Departing Donegal Church of Ireland minister gets blessing of local priest

Amos 3:3: “Can two walk together, except they be agreed?”

The rector at a grouped Church of Ireland parish in County Donegal has moved on to pastures new, but not without getting the blessing of the local Papist priest first.

Rev David MacDonnell (pictured, top) was moving from the parishes of Dunfanaghy, Raymunterdoney and Tullaghobegley (no wonder he’s moving with a mouthful like that!) having been promoted to the position of Dean of Ossorry and rector of St Canice’s Cathedral in Letterkenny.

And his farewell service, which was held about a month ago, was attended by ‘Father’ Martin Doohan of Holy Cross Roman Catholic Church in Dunfanaghy, who was full of praise for the departing Rev David MacDonnell.

The emissary of Papal deceit took the floor at a point and spoke about the “great bond of friendship” that exists between all three clergy in the town of Dunfanaghy.

He also presented him with a Celtic cross on behalf of the parishioners at Holy Cross Church. What a lovely memento to remind him of his ecumenical days in Donegal!

‘Father’ Martin Doohan then “thanked Rev MacDonnell for his friendship and wished him well in Kilkenny”.

All very cosy, isn’t it?

You will notice that it was mentioned about the great bond of friendship between “all three clergy in the town”.

Who was the other you may (or may not) be asking?

It was none other than Rev Andrew Watson (pictured, below), who our more long-standing readers may remember is the minister of Dunfanaghy Presbyterian Church and whose book is printed and recommended by a Roman Catholic Church publishing house. You can read our article from then by clicking here.

‘Finding Our Way Home: Prayers And Reflections For Our Journey In Christ’ is Rev Andrew Watson’s compendium of ramblings and it is published by Veritas, a publishing house owned by the Irish Catholic Bishops Conference.

It was on the recommended reading list for the Roman Catholic Church’s World Meeting of Families event, which was held in Dublin last week and was the reason for the visit of the Pope to Ireland.

So the writings of this so-called Protestant minister were considered by the Roman Catholic Church to be a suitable accompaniment for the visit of the Pope.

And there he was betraying his Protestant heritage showing his unity with Rome once more.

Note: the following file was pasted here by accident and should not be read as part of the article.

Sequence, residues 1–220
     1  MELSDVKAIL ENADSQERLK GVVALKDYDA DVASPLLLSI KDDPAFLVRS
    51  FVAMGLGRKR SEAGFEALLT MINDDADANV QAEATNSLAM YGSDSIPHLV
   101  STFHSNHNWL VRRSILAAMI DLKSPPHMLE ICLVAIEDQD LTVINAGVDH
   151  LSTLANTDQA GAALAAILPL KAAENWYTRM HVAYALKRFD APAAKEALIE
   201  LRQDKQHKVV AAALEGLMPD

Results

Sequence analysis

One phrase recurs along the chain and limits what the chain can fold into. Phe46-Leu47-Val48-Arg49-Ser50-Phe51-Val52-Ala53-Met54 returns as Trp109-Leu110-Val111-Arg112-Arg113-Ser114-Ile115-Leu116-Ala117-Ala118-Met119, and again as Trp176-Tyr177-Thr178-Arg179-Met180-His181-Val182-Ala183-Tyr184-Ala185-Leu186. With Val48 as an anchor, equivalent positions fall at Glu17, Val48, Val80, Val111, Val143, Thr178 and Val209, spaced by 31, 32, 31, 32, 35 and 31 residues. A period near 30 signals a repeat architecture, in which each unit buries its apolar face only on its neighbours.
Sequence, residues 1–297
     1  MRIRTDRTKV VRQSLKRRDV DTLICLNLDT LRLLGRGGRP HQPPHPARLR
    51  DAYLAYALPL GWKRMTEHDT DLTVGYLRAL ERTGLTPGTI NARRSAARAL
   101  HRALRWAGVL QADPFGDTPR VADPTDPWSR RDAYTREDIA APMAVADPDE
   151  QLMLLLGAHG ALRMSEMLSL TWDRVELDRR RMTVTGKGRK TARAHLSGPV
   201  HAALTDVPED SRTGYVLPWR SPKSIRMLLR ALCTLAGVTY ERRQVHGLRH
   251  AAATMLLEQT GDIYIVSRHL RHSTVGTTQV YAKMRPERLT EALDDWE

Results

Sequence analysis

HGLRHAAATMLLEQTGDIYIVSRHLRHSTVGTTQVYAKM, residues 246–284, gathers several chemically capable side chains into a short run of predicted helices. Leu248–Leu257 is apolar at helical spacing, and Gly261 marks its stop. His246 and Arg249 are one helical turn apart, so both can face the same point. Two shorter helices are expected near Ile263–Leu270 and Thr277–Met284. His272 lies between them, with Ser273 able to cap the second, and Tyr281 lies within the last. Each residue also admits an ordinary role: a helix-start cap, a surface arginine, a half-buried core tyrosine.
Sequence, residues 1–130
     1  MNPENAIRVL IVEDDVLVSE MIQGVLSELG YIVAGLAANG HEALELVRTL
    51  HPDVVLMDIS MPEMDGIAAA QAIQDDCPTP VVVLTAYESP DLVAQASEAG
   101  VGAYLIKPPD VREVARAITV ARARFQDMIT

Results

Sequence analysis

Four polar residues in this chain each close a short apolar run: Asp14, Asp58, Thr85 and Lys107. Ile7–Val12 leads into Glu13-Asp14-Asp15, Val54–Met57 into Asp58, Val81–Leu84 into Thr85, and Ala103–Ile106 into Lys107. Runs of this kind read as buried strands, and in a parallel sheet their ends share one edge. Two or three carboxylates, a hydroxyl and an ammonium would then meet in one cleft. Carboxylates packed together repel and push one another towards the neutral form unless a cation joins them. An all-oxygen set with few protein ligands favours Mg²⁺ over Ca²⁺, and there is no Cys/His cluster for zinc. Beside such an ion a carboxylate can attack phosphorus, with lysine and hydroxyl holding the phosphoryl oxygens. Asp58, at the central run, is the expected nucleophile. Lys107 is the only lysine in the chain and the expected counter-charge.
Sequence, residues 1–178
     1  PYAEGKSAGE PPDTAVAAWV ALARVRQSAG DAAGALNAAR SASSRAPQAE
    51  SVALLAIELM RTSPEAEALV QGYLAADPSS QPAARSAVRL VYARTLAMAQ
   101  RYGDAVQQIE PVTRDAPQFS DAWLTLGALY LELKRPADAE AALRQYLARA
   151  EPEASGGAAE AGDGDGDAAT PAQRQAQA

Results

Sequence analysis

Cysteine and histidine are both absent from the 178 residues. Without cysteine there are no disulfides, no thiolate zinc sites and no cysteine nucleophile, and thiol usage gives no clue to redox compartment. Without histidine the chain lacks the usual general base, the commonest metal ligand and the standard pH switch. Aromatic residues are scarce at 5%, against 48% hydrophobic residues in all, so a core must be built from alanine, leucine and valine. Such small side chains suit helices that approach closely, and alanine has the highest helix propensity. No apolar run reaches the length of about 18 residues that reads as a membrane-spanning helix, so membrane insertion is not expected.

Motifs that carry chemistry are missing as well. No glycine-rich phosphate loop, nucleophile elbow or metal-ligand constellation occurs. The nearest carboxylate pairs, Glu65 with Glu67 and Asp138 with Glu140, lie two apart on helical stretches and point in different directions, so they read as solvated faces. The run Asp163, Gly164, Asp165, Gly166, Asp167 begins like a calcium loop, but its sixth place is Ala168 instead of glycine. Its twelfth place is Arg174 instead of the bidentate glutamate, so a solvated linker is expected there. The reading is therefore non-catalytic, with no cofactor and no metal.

But back to Rev David MacDonnell, and he showed his absolute agreement with the sentiments expressed by the Romanist, ‘Father’ Martin Doohan, concurring with his remarks “about the great community spirit in the area”.

Rev David MacDonnell also said he “had intended to stay longer in the area; but the post in Kilkenny had come up and he had decided to take it”, with no mention made of the Lord’s will for him.

The service was hosted by Churchwarden Patrick Knowles who paid tribute to his “truly inspirational ministry”, drawing particular attention to the repointing of the church’s exterior and installation of a new tiled floor inside the church.

Inspirational indeed.

There was no mention of his preaching of the Word of God, no mention of his desire to see souls saved and no mention of his public witness for Christ.

Paul’s charge to Timothy as a minister of the gospel was this: “Preach the word; be instant in season, out of season; reprove, rebuke, exhort with all longsuffering and doctrine” (2 Timothy 4:2).

That’s the primary focus of any minister, or it ought to be, not establishing friendly relations with Rome or leading the redecoration.

Patrick Knowles also drew attention to how Rev David MacDonnell’s penchant for interior design had led to “an increase in available space at the front of the church”, which was apparently “extremely innovative and brings our church forward in time”.

What goes on in this extra innovative space is anybody’s guess.

He concluded that “our loss is Kilkenny’s gain”.

Perhaps they need new curtains picked out for the church hall.

This service is an example of what one could call everyday ecumenism, just part of the constant stream of compromise and consorting with Popery.

Many may not like it to be highlighted, but we must if we are to be serious in our efforts to be faithful to God.

Isaiah 58:1: “Cry aloud, spare not, lift up thy voice like a trumpet, and shew my people their transgression, and the house of Jacob their sins.”

Let us be serious in our devotion to God, and let us fail not to speak out against the agents of error in our land.

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